Israeli officials fight Netanyahu over the Iran nuclear deal
While Israeli Prime Minister Binyamin Netanyahu has joined forces with the Zionist lobby AIPAC in the US to thwart the approval of the Iran nuclear deal by the US Congress, supporters of the deal - along with members of the more moderate Israeli lobby group J Street - say the deal is in Israel's best interest.
J Street activists have been distributing literature to Congress members to show the stances of several within the Israeli security establishment who also support the deal.
The former head of the Shin Bet intelligence agency, Ami Ayalon, alongside Mossad Chief Efraim Halevy, Professor Uzi Even, and Shelly Yachimovich, the former head of the Labor Party have all signed on in support of the historic agreement.
The J Street brochure also includes a statement of support from the Israeli Council for Peace and Security, which includes a large number of former army generals.
|The J Street brochure also includes a statement of support from the Israeli Council for Peace and Security|
The Council commented on the Iran deal, saying that, even though it was not perfect, it still sought to eliminate the immediate threat of Iran acquiring nuclear weapons, and that the deal was expected to extend the period before Iran acquires a nuclear weapon from two months to one year over a period of ten years.
In addition, the brochure includes quotes from General Yitzhak Ben-Aharon, the former head of the Israeli Atomic Energy Agency, from press statements he made last week.
In his statements, Ben-Aharon said that the deal was not bad - and that it was in Israel's best interests, as it prevents Iran from becoming a nuclear state in the coming 15 years.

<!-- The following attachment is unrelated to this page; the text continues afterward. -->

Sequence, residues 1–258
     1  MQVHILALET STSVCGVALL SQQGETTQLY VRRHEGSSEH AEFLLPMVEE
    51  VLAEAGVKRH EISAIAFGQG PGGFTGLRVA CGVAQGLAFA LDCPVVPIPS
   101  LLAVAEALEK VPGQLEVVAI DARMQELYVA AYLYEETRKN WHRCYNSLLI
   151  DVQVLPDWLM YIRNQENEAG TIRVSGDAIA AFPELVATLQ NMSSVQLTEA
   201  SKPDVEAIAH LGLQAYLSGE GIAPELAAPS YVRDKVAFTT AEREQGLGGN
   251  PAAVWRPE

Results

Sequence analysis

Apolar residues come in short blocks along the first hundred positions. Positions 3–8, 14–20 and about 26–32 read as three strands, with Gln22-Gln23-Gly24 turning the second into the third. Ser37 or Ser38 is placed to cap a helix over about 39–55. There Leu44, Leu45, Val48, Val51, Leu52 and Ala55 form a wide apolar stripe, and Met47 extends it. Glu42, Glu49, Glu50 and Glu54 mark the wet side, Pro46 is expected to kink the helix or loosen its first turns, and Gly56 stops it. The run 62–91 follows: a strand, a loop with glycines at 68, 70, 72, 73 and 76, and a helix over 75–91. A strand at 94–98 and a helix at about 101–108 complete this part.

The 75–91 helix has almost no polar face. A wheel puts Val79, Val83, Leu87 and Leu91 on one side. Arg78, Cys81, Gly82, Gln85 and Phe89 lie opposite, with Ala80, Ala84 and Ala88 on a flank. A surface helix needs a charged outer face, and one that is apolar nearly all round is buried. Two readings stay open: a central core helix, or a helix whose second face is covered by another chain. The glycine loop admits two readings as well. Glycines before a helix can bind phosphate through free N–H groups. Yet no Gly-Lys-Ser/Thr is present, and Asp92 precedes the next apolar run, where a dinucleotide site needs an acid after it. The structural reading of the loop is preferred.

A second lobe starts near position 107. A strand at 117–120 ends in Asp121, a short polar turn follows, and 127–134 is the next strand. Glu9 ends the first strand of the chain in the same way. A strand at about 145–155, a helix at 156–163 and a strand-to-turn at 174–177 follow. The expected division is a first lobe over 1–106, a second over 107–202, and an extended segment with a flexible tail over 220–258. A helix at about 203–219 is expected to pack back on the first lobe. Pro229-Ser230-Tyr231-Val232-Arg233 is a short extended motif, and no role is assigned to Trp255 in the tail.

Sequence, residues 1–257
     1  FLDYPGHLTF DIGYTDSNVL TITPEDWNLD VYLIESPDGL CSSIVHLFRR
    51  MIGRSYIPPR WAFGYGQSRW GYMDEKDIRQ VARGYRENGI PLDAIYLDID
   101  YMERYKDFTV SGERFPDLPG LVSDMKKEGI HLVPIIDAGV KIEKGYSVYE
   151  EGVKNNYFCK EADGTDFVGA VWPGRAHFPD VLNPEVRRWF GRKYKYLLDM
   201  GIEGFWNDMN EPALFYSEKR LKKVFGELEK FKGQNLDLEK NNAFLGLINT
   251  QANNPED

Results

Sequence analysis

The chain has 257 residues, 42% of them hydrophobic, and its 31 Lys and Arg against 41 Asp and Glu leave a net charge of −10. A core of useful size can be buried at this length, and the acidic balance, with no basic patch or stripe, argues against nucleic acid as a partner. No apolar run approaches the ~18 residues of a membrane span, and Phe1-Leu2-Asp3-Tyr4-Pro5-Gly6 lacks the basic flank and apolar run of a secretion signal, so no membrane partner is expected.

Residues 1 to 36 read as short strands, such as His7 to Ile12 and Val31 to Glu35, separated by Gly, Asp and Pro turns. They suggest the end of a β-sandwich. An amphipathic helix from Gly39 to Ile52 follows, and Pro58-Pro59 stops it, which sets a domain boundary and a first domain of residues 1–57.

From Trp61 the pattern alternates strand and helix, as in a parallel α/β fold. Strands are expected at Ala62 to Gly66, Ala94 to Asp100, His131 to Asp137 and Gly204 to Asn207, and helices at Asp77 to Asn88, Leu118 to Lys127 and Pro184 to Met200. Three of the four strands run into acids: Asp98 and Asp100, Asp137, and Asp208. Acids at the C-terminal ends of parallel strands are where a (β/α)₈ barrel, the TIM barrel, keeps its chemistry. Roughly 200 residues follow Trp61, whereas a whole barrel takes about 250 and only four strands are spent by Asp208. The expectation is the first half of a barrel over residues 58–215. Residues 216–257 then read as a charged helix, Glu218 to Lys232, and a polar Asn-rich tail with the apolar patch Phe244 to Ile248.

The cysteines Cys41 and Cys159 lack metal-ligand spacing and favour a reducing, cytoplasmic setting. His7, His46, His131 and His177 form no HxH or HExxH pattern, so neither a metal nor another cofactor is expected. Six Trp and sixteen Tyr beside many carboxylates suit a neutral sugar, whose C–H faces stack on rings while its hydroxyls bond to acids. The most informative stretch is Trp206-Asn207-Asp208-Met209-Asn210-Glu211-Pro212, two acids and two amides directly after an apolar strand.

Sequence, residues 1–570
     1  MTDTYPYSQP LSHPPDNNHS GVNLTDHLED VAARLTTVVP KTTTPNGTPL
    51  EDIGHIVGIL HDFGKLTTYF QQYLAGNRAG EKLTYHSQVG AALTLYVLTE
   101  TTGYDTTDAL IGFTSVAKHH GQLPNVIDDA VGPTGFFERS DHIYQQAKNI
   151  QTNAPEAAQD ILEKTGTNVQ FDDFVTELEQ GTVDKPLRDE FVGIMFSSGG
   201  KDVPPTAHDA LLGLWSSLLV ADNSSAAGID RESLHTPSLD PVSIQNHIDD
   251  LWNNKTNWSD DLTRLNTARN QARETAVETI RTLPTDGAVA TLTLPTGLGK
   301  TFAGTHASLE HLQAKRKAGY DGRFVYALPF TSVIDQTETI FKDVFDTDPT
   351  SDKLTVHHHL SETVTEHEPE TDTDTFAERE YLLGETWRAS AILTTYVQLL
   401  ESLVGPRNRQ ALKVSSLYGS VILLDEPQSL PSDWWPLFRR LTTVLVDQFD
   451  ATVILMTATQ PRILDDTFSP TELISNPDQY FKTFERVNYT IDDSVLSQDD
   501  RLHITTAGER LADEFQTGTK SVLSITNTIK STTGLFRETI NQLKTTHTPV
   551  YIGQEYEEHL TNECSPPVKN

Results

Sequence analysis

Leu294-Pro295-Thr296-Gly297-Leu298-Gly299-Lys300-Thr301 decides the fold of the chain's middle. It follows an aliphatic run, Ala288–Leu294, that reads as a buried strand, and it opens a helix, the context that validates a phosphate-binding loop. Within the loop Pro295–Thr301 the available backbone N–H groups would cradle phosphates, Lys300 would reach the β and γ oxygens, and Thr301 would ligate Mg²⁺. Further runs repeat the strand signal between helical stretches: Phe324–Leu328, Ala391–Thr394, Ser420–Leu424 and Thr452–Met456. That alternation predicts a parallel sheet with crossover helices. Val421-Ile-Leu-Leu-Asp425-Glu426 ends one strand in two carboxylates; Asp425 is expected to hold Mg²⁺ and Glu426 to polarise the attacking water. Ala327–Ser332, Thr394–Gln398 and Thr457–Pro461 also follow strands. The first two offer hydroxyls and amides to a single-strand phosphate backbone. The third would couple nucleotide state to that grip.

J Street activists aim to circulate these statements among members of Congress, and to US media, in order to change the currently prevalent notion that all of Israel is against the deal.
Two days ago, the Daily Beast published an interview with Ami Ayalon expressing his support for the Iran deal. However, the Washington Post said Ayalon still had his doubts about it.
J Street activists who support the deal plan to invite Israeli officials to Washington for direct talks with members of Congress to confirm that there are some voices who disagree with Netanyahu's criticism, including current security officials.
Walla, an Israeli website, said the recent visit by US defence chief Ashton Carter to Tel Aviv had highlighted the gulf between Netanyahu and his security agencies, noting that the security establishment believes negotiations with the US should start promptly to compensate Israel through increased military aid.
However, Netanyahu refuses to negotiate as this could be interpreted by Congress that he tacitly accepts the deal.
This article is an edited translation from our Arabic edition.